Workers are introducing a first at EM’s Paducah Site — use of robot technology — to set the stage for future deactivation and remediation work at the former Paducah Gaseous Diffusion Plant (PGDP).
With the Paducah Site in the early phases of deactivating process buildings, site engineers recently tested a robot pipe crawler designed to inspect piping previously used to support uranium enrichment operations. The system is customized to work in process gas piping and other PGDP equipment. A similar system is used to inspect municipal water pipelines.
The robot crawler transports a camera and a sodium iodide detector to locate uranium deposits through process piping and equipment.
At the end of the inspection, workers download a file containing the data collected during the robot’s scan, which indicates where deposits are held up within the equipment. This new technology provides analysts a safe way to learn more about what these pipes contain without having to manually scan each section of pipe.
The work is being performed by Four Rivers Nuclear Partnership (FRNP), EM’s deactivation and remediation contractor for the PGDP.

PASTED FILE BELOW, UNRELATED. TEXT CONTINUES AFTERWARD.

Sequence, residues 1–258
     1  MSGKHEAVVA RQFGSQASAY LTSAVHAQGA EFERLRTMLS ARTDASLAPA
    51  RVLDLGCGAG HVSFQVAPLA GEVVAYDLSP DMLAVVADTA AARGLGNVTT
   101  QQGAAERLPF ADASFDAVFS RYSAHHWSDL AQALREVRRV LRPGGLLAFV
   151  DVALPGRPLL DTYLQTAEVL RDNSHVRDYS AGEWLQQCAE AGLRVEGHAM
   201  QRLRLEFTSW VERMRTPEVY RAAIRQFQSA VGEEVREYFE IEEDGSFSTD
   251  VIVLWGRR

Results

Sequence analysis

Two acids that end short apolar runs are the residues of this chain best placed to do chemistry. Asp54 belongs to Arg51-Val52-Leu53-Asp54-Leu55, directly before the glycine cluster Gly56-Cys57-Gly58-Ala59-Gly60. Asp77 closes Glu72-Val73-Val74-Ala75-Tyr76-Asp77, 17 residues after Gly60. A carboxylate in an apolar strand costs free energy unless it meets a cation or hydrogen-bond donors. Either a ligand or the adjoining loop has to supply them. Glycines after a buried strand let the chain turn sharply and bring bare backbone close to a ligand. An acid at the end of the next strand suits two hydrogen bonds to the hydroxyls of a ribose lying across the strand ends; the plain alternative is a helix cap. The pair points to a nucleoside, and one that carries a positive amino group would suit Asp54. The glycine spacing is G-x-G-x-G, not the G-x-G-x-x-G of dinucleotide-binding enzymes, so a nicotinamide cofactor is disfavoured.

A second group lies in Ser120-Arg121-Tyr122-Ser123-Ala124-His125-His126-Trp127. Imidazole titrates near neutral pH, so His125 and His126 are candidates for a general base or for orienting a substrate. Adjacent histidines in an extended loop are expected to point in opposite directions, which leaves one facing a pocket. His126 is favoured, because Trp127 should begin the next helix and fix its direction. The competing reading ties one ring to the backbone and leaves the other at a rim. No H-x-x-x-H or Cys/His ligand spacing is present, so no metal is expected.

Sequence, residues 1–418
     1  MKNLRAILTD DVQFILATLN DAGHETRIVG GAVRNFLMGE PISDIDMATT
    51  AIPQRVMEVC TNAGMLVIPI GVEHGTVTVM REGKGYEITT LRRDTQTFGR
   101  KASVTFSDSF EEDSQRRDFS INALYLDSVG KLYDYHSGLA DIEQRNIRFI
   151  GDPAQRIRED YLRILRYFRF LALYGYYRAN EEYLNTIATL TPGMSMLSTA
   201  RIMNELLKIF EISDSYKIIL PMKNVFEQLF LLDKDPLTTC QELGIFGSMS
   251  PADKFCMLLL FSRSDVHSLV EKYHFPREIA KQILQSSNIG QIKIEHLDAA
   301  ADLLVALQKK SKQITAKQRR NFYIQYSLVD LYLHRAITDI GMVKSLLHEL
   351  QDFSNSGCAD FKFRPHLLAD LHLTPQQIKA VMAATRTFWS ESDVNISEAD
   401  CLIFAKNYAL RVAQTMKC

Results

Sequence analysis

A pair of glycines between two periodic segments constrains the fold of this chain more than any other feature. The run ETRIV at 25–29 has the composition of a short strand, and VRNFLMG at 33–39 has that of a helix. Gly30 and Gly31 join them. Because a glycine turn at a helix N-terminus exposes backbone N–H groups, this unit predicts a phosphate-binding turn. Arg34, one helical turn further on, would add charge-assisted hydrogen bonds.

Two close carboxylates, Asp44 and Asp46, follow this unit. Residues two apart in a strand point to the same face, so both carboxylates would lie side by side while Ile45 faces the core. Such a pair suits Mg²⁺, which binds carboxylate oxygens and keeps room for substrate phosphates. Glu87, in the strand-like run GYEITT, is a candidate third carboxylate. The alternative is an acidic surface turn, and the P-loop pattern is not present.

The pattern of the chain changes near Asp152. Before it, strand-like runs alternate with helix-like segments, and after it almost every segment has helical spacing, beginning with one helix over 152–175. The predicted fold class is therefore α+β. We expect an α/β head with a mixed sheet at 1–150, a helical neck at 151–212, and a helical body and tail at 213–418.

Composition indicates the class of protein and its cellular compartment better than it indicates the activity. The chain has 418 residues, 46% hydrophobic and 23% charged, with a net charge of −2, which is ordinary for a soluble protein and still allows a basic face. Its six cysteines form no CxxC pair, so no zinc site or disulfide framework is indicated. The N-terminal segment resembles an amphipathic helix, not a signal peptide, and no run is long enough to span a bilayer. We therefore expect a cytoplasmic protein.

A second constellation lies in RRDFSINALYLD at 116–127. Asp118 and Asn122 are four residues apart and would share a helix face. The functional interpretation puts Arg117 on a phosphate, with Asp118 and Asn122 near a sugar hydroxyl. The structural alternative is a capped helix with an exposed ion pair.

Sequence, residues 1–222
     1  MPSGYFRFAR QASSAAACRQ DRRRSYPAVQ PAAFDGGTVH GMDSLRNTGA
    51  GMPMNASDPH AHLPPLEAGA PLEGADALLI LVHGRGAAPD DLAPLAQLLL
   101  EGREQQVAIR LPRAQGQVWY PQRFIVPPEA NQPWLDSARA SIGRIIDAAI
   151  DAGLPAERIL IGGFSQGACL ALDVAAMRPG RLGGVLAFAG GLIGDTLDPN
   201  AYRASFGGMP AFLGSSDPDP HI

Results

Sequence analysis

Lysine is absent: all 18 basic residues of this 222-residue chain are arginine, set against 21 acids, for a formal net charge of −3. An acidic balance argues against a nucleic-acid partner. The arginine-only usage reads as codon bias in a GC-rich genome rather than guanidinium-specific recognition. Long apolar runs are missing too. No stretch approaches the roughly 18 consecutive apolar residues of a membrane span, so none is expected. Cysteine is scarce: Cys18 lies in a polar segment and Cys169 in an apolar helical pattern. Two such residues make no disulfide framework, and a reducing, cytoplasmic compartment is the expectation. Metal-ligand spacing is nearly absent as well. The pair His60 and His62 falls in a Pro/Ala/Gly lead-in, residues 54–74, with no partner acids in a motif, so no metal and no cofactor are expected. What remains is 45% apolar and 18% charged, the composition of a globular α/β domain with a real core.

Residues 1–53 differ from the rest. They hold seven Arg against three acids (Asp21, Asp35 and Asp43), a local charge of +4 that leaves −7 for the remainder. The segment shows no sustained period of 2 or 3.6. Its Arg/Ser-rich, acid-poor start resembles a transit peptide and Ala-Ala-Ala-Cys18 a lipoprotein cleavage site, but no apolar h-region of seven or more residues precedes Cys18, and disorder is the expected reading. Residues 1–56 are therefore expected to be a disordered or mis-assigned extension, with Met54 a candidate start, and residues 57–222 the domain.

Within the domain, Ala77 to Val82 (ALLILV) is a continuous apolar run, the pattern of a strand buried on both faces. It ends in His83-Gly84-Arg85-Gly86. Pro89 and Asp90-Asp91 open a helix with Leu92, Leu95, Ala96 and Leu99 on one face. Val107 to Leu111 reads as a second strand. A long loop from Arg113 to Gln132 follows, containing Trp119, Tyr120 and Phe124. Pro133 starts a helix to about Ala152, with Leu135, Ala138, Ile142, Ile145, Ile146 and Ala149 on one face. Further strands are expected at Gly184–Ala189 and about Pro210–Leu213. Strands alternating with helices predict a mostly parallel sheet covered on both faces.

“Robotic technology gives our analysts a rare look inside process gas piping and equipment without having to cut or drill into the piping,” said FRNP Program Manager Myrna Redfield.
Additionally, the robot pipe crawler is anticipated to play an important role in determining a safe and compliant method to dispose of process gas piping.
“A similar technology was used at our sister plant in Portsmouth, Ohio,” Portsmouth/Paducah Project Office Site Manager Joel Bradburne said. “Shared lessons learned from Portsmouth allowed us to enhance these capabilities for use at Paducah, utilizing best practices applications to the fullest.”
Click here to view a video on the robot pipe crawler technology.